That’s how, on about the third day, they sought us out before the group session started. “We’ve been translating something wrong,” Lucie said apologetically. “And we should have known better.”

She explained that when we sometimes used the word “story” in our descriptions of what the students would be writing for the end-of-the-workshop newspaper, they were translating it as “příběh,“ which referred to fiction, but it should be “reportáž,“ which means news story, the factual reporting we were trying to teach.

Ever since then, a small part of me twitches when I hear journalists talk endlessly about “stories” and “storytelling.” I try to be very careful with my freshman news majors, making it clear all they will do is based on fact.

Thus when I read a tweet from New York University professor and media critic Jay Rosen* a week or so ago, it struck a chord. I happened to see one of several tweets he had about the problems with the term “storytelling”:

“I don’t know how our journalists came to see ‘storytelling’ as the heart of what they do, and ‘storyteller’ as a self-description. I can think of 4-5 elements of journalism more central than ‘story.’ Truthtelling, grounding public conversation in fact, verificationlistening.” (The boldface is mine.)

Then another much-followed media expert, Jeff Jarvis*, who was, by the way, an award-winning high school journalist in his younger days, shared articles and tweets about a German newspaper situation, “The Spiegel Scandal and the Seduction of Storytelling.”There 33-year-old reporter Claas Relotius made up “article after article” because, as he told his editors, he was “motivated by fear of failure.”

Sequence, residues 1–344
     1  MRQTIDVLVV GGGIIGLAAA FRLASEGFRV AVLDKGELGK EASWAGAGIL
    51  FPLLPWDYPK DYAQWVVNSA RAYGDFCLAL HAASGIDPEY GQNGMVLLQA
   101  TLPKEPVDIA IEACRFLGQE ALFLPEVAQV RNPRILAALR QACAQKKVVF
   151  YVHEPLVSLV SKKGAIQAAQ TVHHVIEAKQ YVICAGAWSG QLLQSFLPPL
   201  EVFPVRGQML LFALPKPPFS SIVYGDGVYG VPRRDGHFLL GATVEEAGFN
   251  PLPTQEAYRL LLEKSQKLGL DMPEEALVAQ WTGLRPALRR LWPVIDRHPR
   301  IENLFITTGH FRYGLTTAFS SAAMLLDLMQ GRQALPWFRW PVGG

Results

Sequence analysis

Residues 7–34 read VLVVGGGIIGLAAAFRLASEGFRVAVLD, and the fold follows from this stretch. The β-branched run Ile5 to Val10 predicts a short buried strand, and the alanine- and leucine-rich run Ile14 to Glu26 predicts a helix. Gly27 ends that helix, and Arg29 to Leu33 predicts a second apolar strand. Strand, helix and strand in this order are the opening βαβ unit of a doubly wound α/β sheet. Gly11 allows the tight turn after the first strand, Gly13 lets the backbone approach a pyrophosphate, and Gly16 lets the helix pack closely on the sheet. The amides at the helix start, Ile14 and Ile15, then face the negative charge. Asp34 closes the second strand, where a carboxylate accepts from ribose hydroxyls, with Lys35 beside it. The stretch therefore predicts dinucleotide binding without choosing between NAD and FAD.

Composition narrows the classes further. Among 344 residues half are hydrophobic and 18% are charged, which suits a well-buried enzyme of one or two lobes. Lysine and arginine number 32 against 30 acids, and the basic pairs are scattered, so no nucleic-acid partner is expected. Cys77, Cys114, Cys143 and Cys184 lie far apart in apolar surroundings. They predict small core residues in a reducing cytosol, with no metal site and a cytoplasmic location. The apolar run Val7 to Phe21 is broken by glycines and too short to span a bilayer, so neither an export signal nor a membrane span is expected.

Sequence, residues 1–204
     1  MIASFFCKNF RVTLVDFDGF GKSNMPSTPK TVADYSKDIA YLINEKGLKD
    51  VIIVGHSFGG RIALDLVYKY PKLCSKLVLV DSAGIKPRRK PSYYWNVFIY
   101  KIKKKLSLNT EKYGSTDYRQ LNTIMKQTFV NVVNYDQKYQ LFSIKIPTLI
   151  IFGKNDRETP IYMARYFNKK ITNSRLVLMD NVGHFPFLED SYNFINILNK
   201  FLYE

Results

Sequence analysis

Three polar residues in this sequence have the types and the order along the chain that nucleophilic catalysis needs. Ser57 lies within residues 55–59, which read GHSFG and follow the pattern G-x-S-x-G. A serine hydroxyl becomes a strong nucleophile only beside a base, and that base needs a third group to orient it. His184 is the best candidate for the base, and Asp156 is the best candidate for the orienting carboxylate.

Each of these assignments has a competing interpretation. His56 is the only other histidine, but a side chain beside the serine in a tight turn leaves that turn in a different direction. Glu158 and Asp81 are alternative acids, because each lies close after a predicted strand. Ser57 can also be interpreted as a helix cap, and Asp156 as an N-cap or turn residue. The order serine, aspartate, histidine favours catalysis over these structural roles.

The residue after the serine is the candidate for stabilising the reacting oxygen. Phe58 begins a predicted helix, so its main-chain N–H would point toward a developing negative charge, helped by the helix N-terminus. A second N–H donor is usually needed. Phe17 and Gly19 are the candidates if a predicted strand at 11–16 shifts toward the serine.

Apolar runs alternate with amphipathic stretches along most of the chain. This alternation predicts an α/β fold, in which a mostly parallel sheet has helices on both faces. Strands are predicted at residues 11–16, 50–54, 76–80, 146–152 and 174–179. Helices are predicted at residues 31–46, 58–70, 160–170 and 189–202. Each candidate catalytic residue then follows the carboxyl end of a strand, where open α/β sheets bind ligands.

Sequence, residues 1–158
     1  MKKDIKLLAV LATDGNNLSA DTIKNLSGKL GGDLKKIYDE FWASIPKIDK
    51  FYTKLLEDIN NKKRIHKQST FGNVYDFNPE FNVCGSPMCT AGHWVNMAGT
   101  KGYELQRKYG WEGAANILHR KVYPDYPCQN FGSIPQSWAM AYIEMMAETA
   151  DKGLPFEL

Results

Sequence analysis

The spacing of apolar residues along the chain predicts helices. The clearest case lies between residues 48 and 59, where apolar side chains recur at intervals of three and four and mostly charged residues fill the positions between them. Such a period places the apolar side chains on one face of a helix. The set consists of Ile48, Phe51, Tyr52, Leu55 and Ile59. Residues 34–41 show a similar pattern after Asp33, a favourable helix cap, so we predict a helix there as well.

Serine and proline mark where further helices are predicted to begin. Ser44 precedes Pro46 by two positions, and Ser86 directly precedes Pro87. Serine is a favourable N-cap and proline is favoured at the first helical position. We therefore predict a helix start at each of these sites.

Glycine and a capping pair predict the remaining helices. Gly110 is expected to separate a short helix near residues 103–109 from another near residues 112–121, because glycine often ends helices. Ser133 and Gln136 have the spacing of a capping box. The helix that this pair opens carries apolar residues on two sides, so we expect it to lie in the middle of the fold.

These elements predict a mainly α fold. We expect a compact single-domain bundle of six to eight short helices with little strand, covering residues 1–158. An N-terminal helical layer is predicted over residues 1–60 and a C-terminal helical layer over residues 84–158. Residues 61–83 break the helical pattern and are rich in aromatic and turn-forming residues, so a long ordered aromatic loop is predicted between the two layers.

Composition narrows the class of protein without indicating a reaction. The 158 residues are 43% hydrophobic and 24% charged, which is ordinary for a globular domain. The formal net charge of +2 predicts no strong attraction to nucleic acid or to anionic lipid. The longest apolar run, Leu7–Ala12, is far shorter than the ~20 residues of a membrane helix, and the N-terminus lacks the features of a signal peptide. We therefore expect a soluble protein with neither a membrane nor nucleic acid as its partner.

Yes, it sounds like Jason Blair, Stephen Glass and Janet Cooke. But Jarvis goes on to explore this more thoroughly through articles in German media about Relotius and his fabrications. Jarvis translates and quotes “A Beautiful Lie,” an essay by Bernhard Pörksen’s in Die Zeit: “What shows up here is called the narrative distortion, story bias. You have the story in your head, you know what sound readers or colleagues want to hear. And you deliver what works.”

Both Jarvis and Rosen write about the problem with the phrase “getting the story” or “getting a quote for the story.” It’s a concept I have warned students to avoid. It sends the message to me that the student isn’t reporting the facts, telling what’s really going on as much as he or she is following a formula – narrative arc, starting and ending with a representative person, using quotes to make it real and move the story along.

All those devices can be fine. They can help attract readers who might otherwise just click on or flip to something else. It gives the situation a face that grabs the attention of today’s often fickle audience.

But it needs to be used sparingly and carefully.

*Rosen had 245K followers on Twitter and Jarvis has 169K.